Every three years, the Federal Communications Commission must submit a report to Congress on eliminating barriers to entry for entrepreneurs and small businesses in the communications industry.
Sounds reasonable, right?
But one of the methods the federal agency will use this year is a "Multi-Market Study of Critical Information Needs," in which it will send researchers into newsrooms across the country to grill reporters, editors and station owners about how they decide which stories to run.
This alarmed FCC commissioner Ajit Pai, who wrote a recent opinion piece about it in the Wall Street Journal, and it ought to alarm you, too. Big time.
The purpose of the Critical Information Needs study, according to the agency, is to learn information from television and radio broadcasters about "the process by which stories are selected" and how often stations cover "critical information needs," along with "perceived station bias" and "perceived responsiveness to underserved populations."
To do so, according to Pai, the FCC selected eight categories of "critical information" such as the "environment" and "economic opportunities," that it believes local newscasters should cover. In turn, researchers plan to ask the various broadcast folks about their "news philosophy" and how their stations ensure the community gets critical information.
Go back and read the previous two paragraphs. Absolutely chilling.
Forget that the intrusions into broadcast newsrooms have next to nothing to do with eliminating barriers to entry for entrepreneurs and small businesses in the communications industry. No, these border on serious freedom of the press breaches.
Oh, the FCC says the study is just an objective, fact-finding mission and participation is voluntary, but what station would bite the hand of the agency that holds its renewable-every-eight-years FCC license?
If the federal agency is checking on these things, how far away are we from FCC regulations that mandate that news broadcasts must have, just to pick a few, at least one pro-environmental activism story, representation in at least one report by every minority represented by 5 percent of residents in the specific broadcast area, one story that shows LGBT tolerance and one story that demonstrates the effectiveness of the Affordable Care Act, which, of course, is law, but changes by the day.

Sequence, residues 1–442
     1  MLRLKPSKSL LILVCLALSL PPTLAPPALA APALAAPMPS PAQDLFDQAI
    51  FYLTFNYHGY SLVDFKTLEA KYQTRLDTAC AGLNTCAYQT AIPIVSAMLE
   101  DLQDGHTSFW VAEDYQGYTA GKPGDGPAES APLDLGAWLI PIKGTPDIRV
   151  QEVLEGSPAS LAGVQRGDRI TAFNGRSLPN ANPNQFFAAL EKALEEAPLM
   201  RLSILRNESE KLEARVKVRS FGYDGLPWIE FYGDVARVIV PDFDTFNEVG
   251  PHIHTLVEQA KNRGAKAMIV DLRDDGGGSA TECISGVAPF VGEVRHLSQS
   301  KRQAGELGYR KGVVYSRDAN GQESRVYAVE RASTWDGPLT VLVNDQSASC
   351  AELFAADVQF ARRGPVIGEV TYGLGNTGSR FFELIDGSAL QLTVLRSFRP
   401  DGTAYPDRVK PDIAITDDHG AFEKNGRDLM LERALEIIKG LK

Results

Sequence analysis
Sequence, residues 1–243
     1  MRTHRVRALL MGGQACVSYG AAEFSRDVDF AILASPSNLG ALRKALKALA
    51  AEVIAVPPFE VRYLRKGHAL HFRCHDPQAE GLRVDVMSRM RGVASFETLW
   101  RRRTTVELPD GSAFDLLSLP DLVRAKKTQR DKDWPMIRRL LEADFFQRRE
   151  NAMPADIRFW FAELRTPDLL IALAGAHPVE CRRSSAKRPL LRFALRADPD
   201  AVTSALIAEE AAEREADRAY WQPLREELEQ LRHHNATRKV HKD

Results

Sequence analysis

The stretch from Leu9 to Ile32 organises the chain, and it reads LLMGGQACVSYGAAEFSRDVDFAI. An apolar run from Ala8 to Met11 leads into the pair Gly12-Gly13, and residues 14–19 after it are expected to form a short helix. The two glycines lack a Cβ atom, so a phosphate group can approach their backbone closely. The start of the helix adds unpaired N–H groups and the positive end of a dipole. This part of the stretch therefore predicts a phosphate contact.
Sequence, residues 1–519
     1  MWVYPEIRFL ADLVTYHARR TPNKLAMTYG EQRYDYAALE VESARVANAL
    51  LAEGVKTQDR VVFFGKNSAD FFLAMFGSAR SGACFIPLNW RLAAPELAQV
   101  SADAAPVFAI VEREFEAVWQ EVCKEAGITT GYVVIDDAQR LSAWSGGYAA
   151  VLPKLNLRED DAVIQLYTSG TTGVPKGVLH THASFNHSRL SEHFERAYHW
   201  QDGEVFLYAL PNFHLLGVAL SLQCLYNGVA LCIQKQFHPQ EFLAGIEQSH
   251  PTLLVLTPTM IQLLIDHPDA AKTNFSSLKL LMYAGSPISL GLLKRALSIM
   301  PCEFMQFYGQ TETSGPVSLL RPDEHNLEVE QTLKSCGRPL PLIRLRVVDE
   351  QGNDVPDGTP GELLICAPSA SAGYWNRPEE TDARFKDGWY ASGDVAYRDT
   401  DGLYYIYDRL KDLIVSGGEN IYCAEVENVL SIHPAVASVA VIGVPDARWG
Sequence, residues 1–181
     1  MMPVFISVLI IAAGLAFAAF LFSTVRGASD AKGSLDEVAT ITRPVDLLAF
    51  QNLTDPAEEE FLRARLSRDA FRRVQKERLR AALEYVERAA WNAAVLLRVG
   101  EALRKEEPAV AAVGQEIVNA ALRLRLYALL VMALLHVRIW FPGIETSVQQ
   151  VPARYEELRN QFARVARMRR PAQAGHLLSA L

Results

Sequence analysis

It's not just news coverage the FCC is interested in, though, but why the decisions were made to air what is aired.
One question to be asked reporters, according to Pai, is: "Have you ever suggested coverage of what you consider a story with critical information for your customers that was rejected by management?" Follow-up questions ask for specifics about how editorial discretion is exercised, the reasoning behind whatever decisions were made and the demographics of news-management staff, news-production staff and on-air talent.
For goodness sake, what business is that of theirs?
A field test of the study was supposed to begin this week in Columbia, S.C., according to a Fox News blog, but no FCC representatives had shown up.
The FCC only has jurisdiction over the broadcast industry, so television networks, local television stations and most radio stations could get this initial scrutiny. But one can imagine similar plans being crafted by the touchy Obama White House for cable news stations and print publications, which don't come under the FCC.
This Big Brother-type action follows the recent Reporters Without Borders list that dropped the United States in the World Press Freedom Index 2014 from 33rd to 46th, the 2012 Department of Justice seizure as reported by The Associated Press in 2013 of the phone records of several AP reporters and editors, the president's granting of special access to reporters who give him preferential coverage and the removal of access to those who don't, the White House's poor record of complying with Freedom of Information Act requests and its restriction of videos and photos of the president by journalists in favor of administration handout material.
All this comes from an administration that brought you its Internal Revenue Service's targeting of conservatives and conservative groups, frequent rule by executive order, and its truthiness -- to use a Stephen Colbert word -- of its Affordable Care Act promises.
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